Abu Dhabi: The Abu Dhabi Wildlife Centre (ADWC) has established a loan scheme which provides breeding stock to other centres across the UAE, to save critically endangered animals, whose numbers have dwindled to mere hundreds in the wild.
To protect their animals' rare and unique existence the ADWC has started its initiative, by sending their only male Arabian leopard, to a centre located in Sharjah, where the leopard will be introduced to females of his kind.
As part of the loan agreement, as soon as the Arabian leapords mate, 50 per cent of their cubs will return to the ADWC, where further breeding will continue.
According to Ronel Barcellos, Manager of the ADWC, there are only 280 Arabian leopards left in the world.
"Our aim is to protect the habitat of these rare animals, through various conservation programmes. We won't stop breeding till we reach our hundreds. Once the numbers come up, I'd like to encourage other centres across the UAE, to work with us, and help introduce a new bloodline to these rare big cats," she said.
The centre, which consists of over 100 different animals, out of which 50 per cent are endangered, is currently working with international centres on exchanging endangered animals, with the aim of increasing their population numbers globally.
Also rare due to poaching and habitat loss, an estimated 200 to 400 Siberian White Tigers are currently now living in the wild. "Tiger products are thoughts to have powerful medical properties and are sold in the majority of East Asian countries, that's why the Siberian white Tiger is facing extinction," said the ADWC manager.
The only two Siberian White Tigers at the centre are currently breeding, and Cleopatra (the female white tiger) is expected to give birth within two months. Barcellos has names for all the animals at the centre, who seem responsive once their names are called out.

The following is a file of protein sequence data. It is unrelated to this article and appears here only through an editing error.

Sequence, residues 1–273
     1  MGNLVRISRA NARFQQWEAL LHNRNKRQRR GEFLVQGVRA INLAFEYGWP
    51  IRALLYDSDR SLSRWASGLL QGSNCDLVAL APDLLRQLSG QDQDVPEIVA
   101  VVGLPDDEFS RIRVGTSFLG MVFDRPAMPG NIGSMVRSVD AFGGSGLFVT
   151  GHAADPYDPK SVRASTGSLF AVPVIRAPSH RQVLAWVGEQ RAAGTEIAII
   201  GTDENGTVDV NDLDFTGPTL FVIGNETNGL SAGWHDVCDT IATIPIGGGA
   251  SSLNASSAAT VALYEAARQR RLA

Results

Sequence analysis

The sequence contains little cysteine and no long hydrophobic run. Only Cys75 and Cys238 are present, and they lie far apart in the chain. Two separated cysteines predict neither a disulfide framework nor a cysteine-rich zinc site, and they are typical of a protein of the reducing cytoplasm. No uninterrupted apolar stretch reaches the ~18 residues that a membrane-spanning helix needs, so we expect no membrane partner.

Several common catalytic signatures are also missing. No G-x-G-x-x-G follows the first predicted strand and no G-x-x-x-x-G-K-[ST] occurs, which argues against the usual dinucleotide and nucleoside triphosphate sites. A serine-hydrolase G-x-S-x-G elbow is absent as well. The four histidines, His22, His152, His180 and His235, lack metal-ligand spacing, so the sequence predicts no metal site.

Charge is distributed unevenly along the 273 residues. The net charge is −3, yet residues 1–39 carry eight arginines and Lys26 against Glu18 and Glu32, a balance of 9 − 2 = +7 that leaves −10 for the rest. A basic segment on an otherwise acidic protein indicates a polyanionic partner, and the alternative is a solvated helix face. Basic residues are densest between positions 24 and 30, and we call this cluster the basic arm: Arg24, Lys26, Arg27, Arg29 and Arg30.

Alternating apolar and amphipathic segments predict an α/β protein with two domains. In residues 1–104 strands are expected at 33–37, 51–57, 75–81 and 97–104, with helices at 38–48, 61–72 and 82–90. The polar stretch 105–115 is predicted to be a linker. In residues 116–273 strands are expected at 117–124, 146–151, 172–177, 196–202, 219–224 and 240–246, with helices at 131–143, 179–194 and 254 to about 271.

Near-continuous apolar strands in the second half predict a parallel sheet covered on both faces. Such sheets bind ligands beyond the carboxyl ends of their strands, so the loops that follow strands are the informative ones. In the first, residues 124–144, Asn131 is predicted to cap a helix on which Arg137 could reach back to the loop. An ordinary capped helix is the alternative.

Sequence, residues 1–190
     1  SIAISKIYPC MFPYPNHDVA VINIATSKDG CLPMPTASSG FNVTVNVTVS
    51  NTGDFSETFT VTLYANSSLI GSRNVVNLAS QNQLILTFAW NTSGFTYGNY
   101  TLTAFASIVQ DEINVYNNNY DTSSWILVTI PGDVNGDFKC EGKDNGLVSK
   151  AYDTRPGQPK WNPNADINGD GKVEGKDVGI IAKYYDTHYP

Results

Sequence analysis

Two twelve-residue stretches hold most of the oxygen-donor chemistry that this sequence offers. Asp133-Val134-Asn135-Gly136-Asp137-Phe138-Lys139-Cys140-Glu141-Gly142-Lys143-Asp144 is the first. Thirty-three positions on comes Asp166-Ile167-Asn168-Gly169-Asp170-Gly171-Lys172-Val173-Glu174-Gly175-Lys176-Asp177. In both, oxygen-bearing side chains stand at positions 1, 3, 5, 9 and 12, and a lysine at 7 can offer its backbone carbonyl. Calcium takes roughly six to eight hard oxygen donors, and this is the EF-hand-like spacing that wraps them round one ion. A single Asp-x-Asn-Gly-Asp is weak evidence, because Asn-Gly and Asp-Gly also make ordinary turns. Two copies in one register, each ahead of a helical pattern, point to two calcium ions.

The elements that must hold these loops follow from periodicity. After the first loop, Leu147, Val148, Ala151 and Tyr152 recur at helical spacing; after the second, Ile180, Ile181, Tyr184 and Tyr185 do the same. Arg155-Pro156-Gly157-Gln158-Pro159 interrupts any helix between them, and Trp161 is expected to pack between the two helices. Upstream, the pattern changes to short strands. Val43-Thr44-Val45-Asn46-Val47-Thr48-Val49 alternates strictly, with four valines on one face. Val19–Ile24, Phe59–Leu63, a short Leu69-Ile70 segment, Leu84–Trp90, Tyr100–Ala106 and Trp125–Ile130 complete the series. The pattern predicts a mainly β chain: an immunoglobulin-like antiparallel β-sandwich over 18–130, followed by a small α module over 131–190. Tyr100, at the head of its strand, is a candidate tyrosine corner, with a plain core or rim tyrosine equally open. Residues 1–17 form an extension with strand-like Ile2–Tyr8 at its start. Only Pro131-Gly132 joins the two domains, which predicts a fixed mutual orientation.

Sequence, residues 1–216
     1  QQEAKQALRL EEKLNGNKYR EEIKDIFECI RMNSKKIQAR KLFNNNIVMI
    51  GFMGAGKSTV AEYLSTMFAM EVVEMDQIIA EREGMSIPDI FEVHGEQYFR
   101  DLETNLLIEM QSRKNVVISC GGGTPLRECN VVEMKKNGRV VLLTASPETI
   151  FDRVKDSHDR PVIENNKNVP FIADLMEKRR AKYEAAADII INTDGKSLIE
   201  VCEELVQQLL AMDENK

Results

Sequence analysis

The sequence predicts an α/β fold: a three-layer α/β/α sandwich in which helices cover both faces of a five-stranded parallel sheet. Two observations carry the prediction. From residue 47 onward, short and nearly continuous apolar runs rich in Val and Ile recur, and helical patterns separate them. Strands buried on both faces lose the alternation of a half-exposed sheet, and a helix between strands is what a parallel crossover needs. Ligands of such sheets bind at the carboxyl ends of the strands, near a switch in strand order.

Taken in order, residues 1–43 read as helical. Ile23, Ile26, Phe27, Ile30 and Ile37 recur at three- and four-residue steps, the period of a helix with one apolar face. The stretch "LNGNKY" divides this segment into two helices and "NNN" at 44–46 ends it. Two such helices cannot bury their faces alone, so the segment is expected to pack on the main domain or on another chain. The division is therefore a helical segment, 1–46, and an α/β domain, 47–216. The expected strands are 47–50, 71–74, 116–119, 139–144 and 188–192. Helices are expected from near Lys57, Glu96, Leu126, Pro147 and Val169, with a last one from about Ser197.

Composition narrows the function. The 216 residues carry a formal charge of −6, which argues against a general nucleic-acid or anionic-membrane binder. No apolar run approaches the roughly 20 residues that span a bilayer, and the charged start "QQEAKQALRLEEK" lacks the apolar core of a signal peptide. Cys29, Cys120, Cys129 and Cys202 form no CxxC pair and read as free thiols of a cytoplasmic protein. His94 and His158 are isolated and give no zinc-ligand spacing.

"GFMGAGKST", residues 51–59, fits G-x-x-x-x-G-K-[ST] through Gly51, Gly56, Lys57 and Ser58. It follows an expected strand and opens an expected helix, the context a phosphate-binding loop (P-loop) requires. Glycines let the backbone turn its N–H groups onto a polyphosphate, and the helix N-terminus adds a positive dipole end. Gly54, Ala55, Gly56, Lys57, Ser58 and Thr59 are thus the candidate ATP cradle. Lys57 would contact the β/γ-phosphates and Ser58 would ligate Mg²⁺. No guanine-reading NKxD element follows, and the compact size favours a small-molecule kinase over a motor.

"The Siberian White Tigers are the rarest, biggest and most endangered species, and once Cleopatra and our male Siberian tiger known as Anthony, deliver an extra two to three cubs, I intend on breeding more tigers, and will continue to do that till they grow in number," said Barcellos.
"We don't use enhancers or chemical products to encourage pregnancy among the females. We simply offer them a good relaxed life as much as possible, and leave them on their own. It's human interference that ruins everything for those animals, and that's the last thing we need to do," she said.
The Arabian wolves at the centre have recently produced four pups.
"There are only 400 Arabian wolves left in the world, people hunt them down, and shoot them. They don't have their own natural space in the wild any more. Once we start to breed large numbers, I intend on donating some to other centres, so that we encourage their breed to flourish once again," said Barcellos.
In addition, the African lions have recently added four new cubs to their family. The sole female jaguar will also get introduced to her mate soon, after spending a solitary life for months.
Sandy is a two and a half year old Collie cross Saluki, who was witnessed roaming the streets of Abu Dhabi just 18 months ago. In spite of being perfectly healthy, the homeless street dog was about to be euthanised, till she was given a new home at the ADWLC, where she now comfortably resides, alongside 45 other saved dogs.
She still has trust issues, and needs time to accommodate to a new family, but is known for her shiny nature. If you can offer her comfort, safety and a good life, Sandy is up for an adoption.
For further details you can send your questions to: email@example.com.
If you wish to help the animals, the centre is constantly looking for volunteers and donations to help provide shelter for newly-rescued animals.
Pre-arranged tour guides for more than 15 people are also available for Dh25. The money from the tours will be spent on the animals.
- If you wish to find out more, please contact Ronel Barcellos at: firstname.lastname@example.org with reference to the Gulf News article.